Courses Offered by Lab Director Kirk Warren Brown, PhD
Community (all welcome)
Mindfulness-Based Stress Reduction
The Mindfulness Based Stress Reduction (MBSR) program has become one of the foremost secular trainings in the world to enhance mindfulness. Since 1979, this well-respected program has been completed by more that 17,000 people. Scientific research conducted over the past 25 years has supported its benefits for psychological well-being, physical health, wellness, and enhanced quality of personal relationships.
MBSR training focuses on the learning and refining of "wise attention" (mindfulness) that can enhance our ability to relax and be aware of our psychological states, physical states, and actions. Program participants learn to mobilize their inner resources to take better care of themselves and make positive life changes. The program aims to help participants develop resources and skills that can be applied to everyday situations as a means to cope more effectively with stress and to find greater health and balance, ease, and peace of mind over a lifetime.
The MBSR course is offered 1 or 2 times per year, and has 8 weekly classes, each approximately 2.5 hours in length + a day-long retreat to allow for immersive practice in mindfulness.
Introduction to Psychology
Research Methods for Social Psychology
This seminar focuses on advanced topics in research design and methodology with an emphasis on their specific application to social psychology. The central focus of the course is on the interplay of theory development and empirical testing in social psychological science. Major topics addressed include the nature of theories and how they operate in the context of research design, how hypotheses are developed, the design of empirical research in social psychology, practical issues related to conducting research, and thinking about the role of research design in data analysis and interpretation. In addition, ethical issues, research presentation, and the research writing process are addressed.
This course addresses a number of expressions of Multilevel Modeling (MLM) that are now in common use in all the major branches of psychology, as well as in education and other sciences. The techniques covered allow students to address a wide variety of research questions. The course begins with a review of simple and multiple regression, and then extends the relevant regression principles to MLM. The largest portion of the course is devoted to specific multilevel modeling approaches to intervention/treatment trials, cross sectional designs, longitudinal designs, and dyadic designs. Particular attention is given to the application of these techniques to substantive problems in psychology and education. By the end of the course, students have a deeper knowledge of how MLM works, where it is appropriately applied, and how to conduct the analyses and interpret the results.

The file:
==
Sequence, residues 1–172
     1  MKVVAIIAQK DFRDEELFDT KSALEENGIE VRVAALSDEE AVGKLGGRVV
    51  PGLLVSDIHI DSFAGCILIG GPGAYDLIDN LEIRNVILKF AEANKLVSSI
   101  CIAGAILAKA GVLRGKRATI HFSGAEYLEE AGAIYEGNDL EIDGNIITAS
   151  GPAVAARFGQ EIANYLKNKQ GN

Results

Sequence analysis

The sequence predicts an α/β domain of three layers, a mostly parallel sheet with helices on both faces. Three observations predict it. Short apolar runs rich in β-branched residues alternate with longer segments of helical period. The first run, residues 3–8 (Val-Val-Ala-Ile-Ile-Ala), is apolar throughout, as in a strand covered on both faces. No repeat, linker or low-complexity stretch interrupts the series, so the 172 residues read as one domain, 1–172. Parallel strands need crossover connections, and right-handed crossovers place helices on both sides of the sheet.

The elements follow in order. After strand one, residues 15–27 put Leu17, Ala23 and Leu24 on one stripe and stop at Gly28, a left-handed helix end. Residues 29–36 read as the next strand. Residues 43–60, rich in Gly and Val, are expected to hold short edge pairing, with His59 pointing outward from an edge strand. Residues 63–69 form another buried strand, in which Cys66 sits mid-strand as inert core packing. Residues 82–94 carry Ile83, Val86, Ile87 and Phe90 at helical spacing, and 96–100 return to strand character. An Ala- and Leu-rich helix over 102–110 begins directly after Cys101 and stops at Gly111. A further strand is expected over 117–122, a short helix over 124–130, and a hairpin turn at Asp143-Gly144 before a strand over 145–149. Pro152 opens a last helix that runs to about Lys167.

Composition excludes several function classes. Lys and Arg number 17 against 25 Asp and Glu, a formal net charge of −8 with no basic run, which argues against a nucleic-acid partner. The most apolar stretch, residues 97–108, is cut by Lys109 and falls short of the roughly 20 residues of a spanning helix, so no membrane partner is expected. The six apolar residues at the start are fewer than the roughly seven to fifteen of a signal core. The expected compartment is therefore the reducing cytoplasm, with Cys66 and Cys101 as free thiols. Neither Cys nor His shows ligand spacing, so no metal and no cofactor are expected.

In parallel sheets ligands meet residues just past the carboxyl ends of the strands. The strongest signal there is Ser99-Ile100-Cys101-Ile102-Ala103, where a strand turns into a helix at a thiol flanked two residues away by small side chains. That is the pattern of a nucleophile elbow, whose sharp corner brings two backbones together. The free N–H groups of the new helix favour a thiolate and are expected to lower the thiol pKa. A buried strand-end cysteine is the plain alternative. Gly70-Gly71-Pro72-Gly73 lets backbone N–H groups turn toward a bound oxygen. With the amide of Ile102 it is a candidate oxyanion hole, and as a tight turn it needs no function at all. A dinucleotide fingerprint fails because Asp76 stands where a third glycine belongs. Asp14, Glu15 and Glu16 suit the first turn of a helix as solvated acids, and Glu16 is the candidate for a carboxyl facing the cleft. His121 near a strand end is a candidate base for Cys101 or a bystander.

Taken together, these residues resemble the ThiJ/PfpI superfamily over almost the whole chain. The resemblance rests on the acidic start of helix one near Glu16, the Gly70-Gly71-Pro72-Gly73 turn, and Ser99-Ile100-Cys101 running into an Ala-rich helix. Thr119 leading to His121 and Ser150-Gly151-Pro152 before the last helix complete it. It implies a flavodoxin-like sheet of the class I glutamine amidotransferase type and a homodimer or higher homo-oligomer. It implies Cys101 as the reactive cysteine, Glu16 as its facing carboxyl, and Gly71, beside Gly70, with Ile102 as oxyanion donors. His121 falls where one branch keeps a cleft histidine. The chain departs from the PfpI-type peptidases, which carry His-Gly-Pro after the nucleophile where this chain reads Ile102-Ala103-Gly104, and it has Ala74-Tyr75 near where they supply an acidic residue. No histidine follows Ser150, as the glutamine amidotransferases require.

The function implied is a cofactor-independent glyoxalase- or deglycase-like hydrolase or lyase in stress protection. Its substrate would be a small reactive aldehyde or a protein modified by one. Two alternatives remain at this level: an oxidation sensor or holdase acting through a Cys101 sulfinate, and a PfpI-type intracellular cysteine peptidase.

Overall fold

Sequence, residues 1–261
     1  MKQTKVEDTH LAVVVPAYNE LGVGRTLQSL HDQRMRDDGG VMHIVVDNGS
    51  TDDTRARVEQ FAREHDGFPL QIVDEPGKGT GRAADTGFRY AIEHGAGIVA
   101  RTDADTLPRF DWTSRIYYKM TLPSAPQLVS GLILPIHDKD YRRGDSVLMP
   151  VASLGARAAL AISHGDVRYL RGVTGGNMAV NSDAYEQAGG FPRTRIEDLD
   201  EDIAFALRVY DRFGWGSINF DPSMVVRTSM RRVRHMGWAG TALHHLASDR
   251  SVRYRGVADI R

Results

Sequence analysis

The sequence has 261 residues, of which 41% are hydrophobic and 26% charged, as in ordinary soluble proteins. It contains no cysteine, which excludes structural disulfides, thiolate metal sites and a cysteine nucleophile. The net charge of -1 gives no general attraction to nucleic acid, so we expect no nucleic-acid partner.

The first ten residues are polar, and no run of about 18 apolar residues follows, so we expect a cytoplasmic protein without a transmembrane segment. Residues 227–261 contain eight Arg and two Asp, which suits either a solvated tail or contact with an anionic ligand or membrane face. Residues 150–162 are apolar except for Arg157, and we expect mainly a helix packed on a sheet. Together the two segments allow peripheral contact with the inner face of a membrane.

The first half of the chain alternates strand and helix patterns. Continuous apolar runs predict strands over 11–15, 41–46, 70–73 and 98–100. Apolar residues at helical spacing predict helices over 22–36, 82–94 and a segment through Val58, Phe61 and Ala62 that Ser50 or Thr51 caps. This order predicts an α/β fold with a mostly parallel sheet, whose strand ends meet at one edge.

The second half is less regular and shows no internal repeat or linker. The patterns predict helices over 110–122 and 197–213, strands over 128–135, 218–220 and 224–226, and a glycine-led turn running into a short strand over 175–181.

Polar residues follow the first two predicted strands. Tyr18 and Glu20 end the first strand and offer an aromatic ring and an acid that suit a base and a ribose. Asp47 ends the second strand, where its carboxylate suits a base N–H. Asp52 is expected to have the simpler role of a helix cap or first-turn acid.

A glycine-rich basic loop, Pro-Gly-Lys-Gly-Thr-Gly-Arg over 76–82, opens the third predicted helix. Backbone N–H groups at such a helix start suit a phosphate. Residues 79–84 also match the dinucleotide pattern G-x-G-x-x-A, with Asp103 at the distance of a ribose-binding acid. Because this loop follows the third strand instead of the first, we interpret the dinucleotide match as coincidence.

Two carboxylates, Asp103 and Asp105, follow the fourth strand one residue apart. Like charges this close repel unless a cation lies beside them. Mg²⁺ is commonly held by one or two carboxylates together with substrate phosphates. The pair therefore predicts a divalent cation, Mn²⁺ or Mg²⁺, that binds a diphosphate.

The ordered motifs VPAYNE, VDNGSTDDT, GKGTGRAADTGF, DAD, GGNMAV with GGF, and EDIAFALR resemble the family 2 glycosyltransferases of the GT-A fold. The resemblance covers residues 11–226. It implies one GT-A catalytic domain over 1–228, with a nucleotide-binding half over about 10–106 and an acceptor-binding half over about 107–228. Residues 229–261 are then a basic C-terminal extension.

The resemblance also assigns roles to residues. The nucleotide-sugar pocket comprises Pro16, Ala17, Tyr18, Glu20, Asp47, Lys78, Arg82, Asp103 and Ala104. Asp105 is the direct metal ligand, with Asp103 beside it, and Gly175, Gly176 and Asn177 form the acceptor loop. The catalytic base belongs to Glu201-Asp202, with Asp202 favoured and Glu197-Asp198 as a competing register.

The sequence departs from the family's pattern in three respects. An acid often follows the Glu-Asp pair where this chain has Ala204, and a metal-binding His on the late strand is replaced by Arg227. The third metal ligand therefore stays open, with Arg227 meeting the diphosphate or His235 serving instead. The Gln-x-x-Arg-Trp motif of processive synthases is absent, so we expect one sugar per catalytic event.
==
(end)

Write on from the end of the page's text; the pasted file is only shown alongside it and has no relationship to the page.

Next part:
Statistics for Psychological Science I and II
The first course introduces students to the General Linear Model (GLM) and two of its most common expressions in psychology: Linear Regression and Analysis of Variance. Additionally, students are familiarized with several current theoretical issues in data analysis (e.g., the place of null hypothesis significance testing). This course seek to balance a conceptual understanding of the GLM approach with practical application. The course begins with a review of hypothesis testing and an introduction to GLM, and then extends the relevant GLM principles to Analyses of variance (ANOVA) and both simple and multiple regression. Particular attention is given to the application of ANOVA and multiple regression to substantive problems in psychology. By the end of the course, students have a working knowledge of the principles of GLM and the ability to inspect diagnostics to test underlying model assumptions, conduct GLM analyses, and interpret the results.
The second course introduces students to advanced expressions of the General Linear Model (GLM) in common use in contemporary psychological science. The techniques covers have application in all the major branches of psychology addressing a wide variety of research questions. The course begins with a review of simple and multiple regression, and then extends the relevant GLM principles to confidence intervals in regression, tests of moderation and mediation in regression, and logistic regression. Particular attention is given to the application of these techniques to substantive problems in psychology. By the end of the course, students have a deeper knowledge of several major applications of GLM, will be able to conduct advanced GLM analyses, and interpret the results. This course is designed to provide the necessary foundations for skillfully using several advanced GLM analyses, as well as provide a basis for advanced-level courses using these and related methods (e.g., multilevel modeling, survival analysis, structural equation modeling).
Sculpture by takomabibelot.